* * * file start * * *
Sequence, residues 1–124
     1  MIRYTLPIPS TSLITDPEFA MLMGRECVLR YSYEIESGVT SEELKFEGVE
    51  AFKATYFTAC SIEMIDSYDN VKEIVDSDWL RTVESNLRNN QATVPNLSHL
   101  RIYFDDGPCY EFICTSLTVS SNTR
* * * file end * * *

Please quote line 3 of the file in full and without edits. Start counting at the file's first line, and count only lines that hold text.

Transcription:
    51  AFKATYFTAC SIEMIDSYDN VKEIVDSDWL RTVESNLRNN QATVPNLSHL